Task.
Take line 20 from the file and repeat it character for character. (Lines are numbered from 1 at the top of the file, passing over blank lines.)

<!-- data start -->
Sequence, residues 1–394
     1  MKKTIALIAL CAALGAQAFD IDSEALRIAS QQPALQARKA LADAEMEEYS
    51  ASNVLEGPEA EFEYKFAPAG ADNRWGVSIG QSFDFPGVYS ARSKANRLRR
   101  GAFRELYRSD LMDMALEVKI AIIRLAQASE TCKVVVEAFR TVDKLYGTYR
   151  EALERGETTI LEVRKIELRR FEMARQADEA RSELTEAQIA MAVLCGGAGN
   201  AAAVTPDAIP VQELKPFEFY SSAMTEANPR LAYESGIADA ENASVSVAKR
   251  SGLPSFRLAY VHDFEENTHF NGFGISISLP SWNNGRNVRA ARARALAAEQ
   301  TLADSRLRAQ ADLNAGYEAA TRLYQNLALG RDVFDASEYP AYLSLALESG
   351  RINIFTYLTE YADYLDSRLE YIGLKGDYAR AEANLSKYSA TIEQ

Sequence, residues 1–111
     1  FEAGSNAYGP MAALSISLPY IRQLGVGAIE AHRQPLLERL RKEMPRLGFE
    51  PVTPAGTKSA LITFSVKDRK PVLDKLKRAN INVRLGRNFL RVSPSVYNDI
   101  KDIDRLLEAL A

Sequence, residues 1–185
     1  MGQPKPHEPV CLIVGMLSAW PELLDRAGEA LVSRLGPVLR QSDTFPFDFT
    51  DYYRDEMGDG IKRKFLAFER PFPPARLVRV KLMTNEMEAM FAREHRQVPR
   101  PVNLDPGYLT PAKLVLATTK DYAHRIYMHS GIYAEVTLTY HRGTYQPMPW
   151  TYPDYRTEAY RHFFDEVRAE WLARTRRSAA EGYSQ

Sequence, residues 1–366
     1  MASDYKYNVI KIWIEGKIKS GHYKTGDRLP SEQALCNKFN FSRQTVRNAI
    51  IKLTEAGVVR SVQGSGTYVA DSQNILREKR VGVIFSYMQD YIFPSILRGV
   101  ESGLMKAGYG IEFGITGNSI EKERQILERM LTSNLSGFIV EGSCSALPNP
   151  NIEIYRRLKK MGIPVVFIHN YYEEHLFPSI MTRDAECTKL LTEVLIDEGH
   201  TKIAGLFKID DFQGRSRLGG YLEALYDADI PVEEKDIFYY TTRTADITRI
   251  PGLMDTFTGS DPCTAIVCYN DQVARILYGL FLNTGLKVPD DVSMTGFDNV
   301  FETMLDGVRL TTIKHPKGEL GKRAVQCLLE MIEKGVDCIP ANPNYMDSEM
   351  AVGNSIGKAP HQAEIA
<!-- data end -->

     1  MASDYKYNVI KIWIEGKIKS GHYKTGDRLP SEQALCNKFN FSRQTVRNAI